The unfolding revelation in The Injustice of Place is not about what sets these places apart, but about what they have in common—a history of raw, intensive resource extraction and human exploitation. This history and its reverberations demand a reckoning and a commitment to wage a new War on Poverty, with the unrelenting focus on our nation’s places of deepest need.

About the Authors

KATHRYN J. EDIN is the William Church Osborne Professor of Sociology and Public Affairs at Princeton University. The author of nine books, Edin is widely recognized for using both quantitative research and direct, in-depth observation to illuminate key mysteries about poverty: “In a field of poverty experts who rarely meet the poor, Edin usefully defies convention” (New York Times).

TIMOTHY J. NELSON is Director of Undergraduate Studies in Sociology and Lecturer of Public Affairs at the School of Public and International Affairs at Princeton University. He is the author of numerous articles on low-income fathers and is the co-author, with Edin, of the award-winning Doing the Best I Can: Fatherhood in the Inner City.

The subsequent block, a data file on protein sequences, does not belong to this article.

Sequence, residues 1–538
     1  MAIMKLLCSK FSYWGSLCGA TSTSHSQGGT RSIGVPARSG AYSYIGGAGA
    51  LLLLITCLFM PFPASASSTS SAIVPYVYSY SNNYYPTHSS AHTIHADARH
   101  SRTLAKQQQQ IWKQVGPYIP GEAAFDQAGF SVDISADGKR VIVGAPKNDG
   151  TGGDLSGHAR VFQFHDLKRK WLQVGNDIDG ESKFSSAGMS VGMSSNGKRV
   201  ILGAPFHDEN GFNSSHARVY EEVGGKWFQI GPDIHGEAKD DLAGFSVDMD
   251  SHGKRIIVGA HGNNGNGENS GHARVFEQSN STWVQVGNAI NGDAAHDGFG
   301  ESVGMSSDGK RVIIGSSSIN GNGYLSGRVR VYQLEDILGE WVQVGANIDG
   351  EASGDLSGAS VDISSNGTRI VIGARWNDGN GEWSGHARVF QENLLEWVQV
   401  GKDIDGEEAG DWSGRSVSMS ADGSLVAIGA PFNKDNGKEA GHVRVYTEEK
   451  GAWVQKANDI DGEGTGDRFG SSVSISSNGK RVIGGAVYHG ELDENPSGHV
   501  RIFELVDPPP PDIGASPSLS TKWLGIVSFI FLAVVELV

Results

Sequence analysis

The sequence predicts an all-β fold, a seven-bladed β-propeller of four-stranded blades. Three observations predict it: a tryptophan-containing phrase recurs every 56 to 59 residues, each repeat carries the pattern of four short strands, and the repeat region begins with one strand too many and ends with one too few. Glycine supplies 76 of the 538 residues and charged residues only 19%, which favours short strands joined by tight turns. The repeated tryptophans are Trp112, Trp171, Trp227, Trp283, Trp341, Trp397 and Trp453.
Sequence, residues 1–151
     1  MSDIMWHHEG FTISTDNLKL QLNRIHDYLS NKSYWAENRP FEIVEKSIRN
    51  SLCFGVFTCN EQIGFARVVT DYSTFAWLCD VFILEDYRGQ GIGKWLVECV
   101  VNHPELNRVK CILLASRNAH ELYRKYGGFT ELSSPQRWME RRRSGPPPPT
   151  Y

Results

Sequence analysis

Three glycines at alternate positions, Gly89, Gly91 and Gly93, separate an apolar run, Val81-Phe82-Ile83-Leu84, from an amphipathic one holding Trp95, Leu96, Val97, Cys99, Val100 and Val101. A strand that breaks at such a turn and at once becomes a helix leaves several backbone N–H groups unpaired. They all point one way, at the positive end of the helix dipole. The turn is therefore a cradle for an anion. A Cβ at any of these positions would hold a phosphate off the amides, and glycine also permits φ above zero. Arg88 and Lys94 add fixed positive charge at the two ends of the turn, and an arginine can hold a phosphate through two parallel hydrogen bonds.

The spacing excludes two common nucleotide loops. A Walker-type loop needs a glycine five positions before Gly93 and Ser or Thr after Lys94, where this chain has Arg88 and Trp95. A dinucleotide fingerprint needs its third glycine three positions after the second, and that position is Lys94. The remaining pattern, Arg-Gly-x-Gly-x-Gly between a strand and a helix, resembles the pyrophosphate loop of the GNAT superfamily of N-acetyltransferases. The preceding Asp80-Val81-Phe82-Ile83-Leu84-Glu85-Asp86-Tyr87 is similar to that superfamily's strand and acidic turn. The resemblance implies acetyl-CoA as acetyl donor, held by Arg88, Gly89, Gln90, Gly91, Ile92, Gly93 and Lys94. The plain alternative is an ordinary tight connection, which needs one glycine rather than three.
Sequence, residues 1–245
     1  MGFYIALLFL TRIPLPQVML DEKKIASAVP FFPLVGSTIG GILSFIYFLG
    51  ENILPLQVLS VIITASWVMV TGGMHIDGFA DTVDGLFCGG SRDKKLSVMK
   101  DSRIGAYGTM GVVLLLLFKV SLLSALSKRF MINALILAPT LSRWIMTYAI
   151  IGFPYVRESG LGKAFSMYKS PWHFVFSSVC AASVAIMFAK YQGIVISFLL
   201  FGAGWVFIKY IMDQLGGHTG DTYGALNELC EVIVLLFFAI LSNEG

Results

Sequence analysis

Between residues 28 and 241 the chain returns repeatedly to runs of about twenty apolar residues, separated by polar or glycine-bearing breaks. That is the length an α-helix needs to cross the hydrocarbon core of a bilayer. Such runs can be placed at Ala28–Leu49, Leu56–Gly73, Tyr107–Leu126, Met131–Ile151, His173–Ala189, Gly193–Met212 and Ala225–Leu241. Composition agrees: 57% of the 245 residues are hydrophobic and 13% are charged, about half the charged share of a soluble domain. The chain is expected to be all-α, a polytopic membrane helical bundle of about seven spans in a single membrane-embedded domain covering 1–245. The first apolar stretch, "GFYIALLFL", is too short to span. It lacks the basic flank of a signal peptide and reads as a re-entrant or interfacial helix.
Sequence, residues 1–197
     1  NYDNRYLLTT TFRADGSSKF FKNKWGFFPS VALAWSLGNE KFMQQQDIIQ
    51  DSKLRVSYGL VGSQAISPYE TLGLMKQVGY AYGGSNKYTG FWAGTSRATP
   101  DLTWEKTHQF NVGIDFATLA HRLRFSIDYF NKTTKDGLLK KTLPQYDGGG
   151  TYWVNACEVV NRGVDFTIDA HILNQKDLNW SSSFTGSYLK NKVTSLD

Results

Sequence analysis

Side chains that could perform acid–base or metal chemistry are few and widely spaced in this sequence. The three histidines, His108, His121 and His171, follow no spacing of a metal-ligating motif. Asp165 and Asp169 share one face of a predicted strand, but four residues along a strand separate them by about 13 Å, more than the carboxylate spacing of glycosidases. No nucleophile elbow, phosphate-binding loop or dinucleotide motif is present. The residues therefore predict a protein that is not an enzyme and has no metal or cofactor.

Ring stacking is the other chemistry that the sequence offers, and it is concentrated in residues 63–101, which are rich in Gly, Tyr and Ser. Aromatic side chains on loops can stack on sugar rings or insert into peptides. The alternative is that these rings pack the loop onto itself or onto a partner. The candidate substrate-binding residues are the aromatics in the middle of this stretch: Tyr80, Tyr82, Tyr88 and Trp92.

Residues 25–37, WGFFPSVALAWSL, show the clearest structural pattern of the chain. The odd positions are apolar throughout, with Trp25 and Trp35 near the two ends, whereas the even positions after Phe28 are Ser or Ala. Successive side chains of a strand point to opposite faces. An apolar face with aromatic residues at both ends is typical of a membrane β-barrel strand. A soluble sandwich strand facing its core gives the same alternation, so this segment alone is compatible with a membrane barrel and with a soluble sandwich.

H. LUKE SHAEFER, Ph.D. is the Hermann and Amalie Kohn Professor of Social Justice and Social Policy and Associate Dean for Research and Policy Engagement at the Gerald R. Ford School of Public Policy at the University of Michigan. He is also a professor of social work and the inaugural director of Poverty Solutions, an interdisciplinary, presidential initiative that partners with communities and policymakers to find new ways to prevent and alleviate poverty.

MSNBC with Injustice of Place author, Kathryn Edin


Examining America's deeply disadvantaged rural areas reveals surprising realities. The new book 'The Injustice of Place,' co-authored by Professor Kathryn Edin, sheds light on the surprising reality of rural poverty and its impacts, including the rise of opioid overdose deaths. The study also emphasizes that this issue transcends racial boundaries, affecting both white and minority populations in the most disadvantaged areas.